On May 25, Dunraven Pass from Tower to Canyon is scheduled to open to autos. If weather permits, the road from Long Lake Gate over the Beartooth Highway to Red Lodge, Mont. is also scheduled to open. For information on the Beartooth Highway to Red Lodge, Montana, travelers in Montana can dial 511, while those outside Montana should call 800-226-7623, or visit the Montana Department of Transportation website.

In Grand Teton, the Teton Park Road from Taggart Lake Trailhead to the Signal Mountain Lodge and the Moose-Wilson Road from the Death Canyon Trailhead to the Granite Canyon Trailhead are expected to open May 1.

For recorded road information about Yellowstone, call 307-344-2117. For recorded road information about Grand Teton, call (307) 739-3614.

Lodges, restaurants and activities in Yellowstone National Park  will open in spring starting in late April with complete operations on board by mid-June.

Visitor services open in stages to coincide with increasing demand as spring gives way to summer.

 

Yellowstone Cutthroat Aid Plan

With illegally introduced lake trout swarming throughout Yellowstone Lake, approximately 90 percent of the native species, Yellowstone cutthroat trout, have been eliminated since the mid 1990s when the lake trout took hold.

This has led biologists and wildlife activists to unite to save the endangered species through a variety of plans, partly since fishing for the cutthroats in Yellowstone Lake and its tributaries has been a popular tourist activity. Also, the cutthroats are considered a keystone species in the Yellowstone area that effectively dictate how other species live. For instance, since cutthroats spawn in streams, they are a prime catch for backcountry bears, making the animal highest on Yellowstone’s food chain less likely to become problematic for tourists. Lake trout, by contrast, never leave the lake.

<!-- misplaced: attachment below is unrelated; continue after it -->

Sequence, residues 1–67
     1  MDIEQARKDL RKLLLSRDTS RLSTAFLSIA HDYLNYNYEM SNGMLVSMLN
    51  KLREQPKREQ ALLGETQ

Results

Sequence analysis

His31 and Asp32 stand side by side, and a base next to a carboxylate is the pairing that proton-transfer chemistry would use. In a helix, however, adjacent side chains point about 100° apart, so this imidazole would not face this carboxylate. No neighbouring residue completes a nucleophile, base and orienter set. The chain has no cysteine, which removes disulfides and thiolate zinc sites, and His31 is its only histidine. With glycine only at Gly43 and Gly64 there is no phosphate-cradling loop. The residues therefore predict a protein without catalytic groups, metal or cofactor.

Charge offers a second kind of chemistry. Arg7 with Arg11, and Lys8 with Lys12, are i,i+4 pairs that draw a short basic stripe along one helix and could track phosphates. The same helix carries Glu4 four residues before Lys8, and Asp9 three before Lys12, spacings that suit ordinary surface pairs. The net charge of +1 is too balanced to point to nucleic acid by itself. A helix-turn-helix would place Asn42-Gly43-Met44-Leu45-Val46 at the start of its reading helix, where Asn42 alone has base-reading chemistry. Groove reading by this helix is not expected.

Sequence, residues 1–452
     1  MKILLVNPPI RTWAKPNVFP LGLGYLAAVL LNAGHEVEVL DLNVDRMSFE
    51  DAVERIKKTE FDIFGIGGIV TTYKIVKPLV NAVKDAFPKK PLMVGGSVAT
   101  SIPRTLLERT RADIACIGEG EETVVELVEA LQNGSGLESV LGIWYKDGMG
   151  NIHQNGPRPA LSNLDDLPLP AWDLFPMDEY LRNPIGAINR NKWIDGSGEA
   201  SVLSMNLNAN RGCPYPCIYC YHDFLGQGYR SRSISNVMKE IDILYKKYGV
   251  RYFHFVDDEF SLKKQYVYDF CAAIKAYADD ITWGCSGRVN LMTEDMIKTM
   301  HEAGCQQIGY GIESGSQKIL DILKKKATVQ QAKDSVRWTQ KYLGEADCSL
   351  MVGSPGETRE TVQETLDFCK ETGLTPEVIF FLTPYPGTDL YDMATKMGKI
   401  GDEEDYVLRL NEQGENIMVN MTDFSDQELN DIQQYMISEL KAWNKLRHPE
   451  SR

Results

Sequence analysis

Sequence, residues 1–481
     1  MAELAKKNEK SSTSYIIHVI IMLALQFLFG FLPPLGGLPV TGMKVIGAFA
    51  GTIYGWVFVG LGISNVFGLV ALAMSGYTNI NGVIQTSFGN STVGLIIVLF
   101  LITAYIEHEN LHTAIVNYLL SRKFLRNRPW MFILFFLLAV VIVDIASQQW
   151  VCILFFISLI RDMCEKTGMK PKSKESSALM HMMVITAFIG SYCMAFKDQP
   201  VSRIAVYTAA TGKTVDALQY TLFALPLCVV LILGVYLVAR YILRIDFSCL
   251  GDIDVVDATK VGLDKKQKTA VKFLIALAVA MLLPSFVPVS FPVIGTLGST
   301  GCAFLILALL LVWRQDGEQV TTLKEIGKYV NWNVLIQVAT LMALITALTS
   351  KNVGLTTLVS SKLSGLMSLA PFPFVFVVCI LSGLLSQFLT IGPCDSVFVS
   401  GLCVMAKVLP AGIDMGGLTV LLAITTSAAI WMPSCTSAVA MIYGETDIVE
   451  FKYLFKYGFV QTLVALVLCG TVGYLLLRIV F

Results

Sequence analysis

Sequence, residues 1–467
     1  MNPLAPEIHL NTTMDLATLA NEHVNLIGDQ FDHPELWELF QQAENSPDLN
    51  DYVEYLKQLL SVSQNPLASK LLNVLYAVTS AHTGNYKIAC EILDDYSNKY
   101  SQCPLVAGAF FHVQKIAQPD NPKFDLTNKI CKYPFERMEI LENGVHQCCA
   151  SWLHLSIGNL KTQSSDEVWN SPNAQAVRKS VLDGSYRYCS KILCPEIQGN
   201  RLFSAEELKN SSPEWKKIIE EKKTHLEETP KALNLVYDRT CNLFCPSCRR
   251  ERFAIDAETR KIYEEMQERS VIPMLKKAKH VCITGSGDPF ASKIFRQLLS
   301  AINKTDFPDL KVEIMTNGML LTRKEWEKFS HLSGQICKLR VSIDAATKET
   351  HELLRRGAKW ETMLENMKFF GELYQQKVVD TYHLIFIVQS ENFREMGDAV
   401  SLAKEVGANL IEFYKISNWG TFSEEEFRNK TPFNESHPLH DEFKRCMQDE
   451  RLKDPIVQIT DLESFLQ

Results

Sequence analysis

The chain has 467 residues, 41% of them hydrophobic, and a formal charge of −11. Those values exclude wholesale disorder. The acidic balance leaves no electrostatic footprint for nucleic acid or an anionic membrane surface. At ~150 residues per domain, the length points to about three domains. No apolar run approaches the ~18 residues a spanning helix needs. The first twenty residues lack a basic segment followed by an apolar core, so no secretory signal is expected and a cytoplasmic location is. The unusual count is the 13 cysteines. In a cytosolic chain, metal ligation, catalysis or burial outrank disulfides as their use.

When efforts first began, things looked pretty hopeless, but experts have more recently identified a number of ways to harvest lake trout without hurting the cutthroats simultaneously. And the effort appears to be working. In 2011, about 220,000 lake trout were removed from the voluminous Yellowstone Lake, a huge improvement even from the previous year, when 150,000 fish were harvested. Meanwhile, 2011 was the first year in which the cutthroats showed an increase in population in more than a decade. Under current fishing regulations, fishermen on Yellowstone Lake are required to kill or keep lake trout while being required to release every cutthroat caught.

The newest attack on the lake trout endangering Yellowstone cutthroats involves technology more heavily than before. While previous efforts involved netting as many fish as possible among other angler angles, the new efforts attack problem fish before or shortly after they are born by identifying breeding grounds. Since carbon dioxide is toxic to newly born lake trout, one environmentally sound option would involve dropping weighted dry ice into spawning beds.

But the largest problem facing biologists is finding the spawning beds. Luckily, cutthroats spawn in streams and tributaries while lake trout spawn in the lake itself, meaning experts can attack the spawning beds without worrying too much about detrimental effects to cutthroats. But to find the locations heaviest with lake trout eggs, National Park Service biologists have begun to implant tracking chips that will cause so-called “Judas fish” to betray their species by leading biologists to their spawning grounds.

The program needs more funding to be most effective. Though the National Park Service has employed gill netting to the tune of $1 million annually, Trout Unlimited and the Yellowstone Park Foundation hope to raise $85,000 by May to install the transmitters and receivers that track the lake trout for a fuller distribution in the lake. According to the Trout Unlimited website, they are still $23,000 shy of the goal. Meanwhile, the Yellowstone Park Foundation made a $1 million donation to the program in February. The donation was matched by federal funding.